At the end of the questioning, however, one of the detectives asked Thompkins if he believed in God; Thompkins said “yes.” The detective asked if he prayed to God; Thompkins again said “yes.” Finally, the detective asked “Do you pray to God to forgive you for shooting that boy down?” to which Thompkins replied “yes.” Thompkins refused to make a written confession, and the interview ended about 15 minutes later. The trial court refused to suppress the statement, and a jury convicted Thompkins of first-degree murder and other offenses. The state courts affirmed the conviction, but the Sixth Circuit granted habeas relief on the ground that Thompkins’ responses, after almost three hours of virtual silence, did not constitute a waiver of his right to remain silent. In an opinion by Justice Kennedy, the Supreme Court reversed.
The Legal Issues. Although Michigan’s cert petition only presented the question of waiver, the briefing made clear that the case presented three distinct questions: (1) Did Thompkins invoke his right to remain silent by remaining silent for so long? (2) May police interrogate a suspect who has received Miranda warnings, has not expressly waived his right to remain silent, and then does not answer questions? (3) Did Thompkins validly waive his Miranda rights when he finally answered questions, almost three hours into the interrogation?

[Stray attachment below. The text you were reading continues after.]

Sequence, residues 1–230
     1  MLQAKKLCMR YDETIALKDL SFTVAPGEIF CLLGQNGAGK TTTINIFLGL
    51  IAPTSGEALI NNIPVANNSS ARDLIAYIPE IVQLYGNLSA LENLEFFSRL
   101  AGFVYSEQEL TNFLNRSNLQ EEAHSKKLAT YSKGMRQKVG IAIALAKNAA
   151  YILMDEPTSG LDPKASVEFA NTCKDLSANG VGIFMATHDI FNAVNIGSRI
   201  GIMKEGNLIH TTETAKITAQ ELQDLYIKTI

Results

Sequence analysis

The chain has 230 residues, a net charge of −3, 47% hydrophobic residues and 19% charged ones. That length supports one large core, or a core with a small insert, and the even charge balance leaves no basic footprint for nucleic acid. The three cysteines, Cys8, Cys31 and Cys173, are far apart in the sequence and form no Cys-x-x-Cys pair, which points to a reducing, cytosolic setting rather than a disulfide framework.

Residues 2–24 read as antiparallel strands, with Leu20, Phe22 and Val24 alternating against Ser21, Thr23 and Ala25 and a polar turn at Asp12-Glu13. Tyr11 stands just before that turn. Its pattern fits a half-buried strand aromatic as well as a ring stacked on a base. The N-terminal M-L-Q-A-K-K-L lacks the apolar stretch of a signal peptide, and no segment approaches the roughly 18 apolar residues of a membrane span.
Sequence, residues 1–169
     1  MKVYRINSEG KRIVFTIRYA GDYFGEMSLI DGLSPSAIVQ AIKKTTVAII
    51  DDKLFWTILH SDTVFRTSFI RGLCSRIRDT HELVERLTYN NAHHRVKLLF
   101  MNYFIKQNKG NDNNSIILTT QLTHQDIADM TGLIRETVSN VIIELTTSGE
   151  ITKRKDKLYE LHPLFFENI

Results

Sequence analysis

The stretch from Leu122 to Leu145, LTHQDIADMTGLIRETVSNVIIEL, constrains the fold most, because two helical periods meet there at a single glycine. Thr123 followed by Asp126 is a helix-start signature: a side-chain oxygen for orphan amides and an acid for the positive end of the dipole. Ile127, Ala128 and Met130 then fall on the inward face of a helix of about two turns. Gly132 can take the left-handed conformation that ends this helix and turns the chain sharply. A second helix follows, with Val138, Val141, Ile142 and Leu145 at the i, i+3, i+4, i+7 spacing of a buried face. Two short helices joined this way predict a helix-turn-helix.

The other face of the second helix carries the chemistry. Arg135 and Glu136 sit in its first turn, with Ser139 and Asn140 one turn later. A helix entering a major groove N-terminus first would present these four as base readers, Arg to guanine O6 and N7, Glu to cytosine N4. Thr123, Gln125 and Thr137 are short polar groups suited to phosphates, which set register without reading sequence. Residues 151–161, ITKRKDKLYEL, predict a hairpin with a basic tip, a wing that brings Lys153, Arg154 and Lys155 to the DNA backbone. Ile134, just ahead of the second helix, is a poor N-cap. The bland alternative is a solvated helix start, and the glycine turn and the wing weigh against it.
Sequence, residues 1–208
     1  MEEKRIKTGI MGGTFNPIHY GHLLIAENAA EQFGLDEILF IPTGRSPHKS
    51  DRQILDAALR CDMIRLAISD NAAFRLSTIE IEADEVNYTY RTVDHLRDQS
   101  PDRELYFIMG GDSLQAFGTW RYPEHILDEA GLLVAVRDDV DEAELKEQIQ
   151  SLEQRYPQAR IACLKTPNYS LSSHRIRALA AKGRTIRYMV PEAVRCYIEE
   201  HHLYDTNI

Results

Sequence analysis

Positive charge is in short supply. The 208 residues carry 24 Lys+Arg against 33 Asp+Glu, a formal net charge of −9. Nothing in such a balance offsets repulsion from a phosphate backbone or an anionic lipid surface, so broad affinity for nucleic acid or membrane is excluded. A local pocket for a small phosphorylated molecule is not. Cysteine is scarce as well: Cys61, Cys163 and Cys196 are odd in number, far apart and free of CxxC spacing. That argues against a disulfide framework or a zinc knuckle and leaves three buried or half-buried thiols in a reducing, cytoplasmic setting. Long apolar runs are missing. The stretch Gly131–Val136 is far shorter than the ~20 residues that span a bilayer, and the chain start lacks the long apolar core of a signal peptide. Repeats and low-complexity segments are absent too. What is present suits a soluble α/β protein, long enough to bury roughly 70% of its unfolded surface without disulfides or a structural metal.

Viewers of Law and Order, CSI, NYPD Blue and the like could be forgiven for assuming that the police of course can question a suspect after issuing the Miranda warnings ― and can continue for some time without having to get any answers to their questions. It appears to be common practice however, for law enforcement officers to ask suspects to sign waiver forms immediately after the warnings are given. Once the form is signed, these legal issues disappear. And if a suspect says “I don’t want to talk” or “I want a lawyer,” the questioning must cease. The legal issues contested in Thompkins only arise when a suspect neither expressly waives his Fifth Amendment rights nor expressly invokes them. The absence of prior Supreme Court authority on these issues suggests that this does not happen as often as one might think.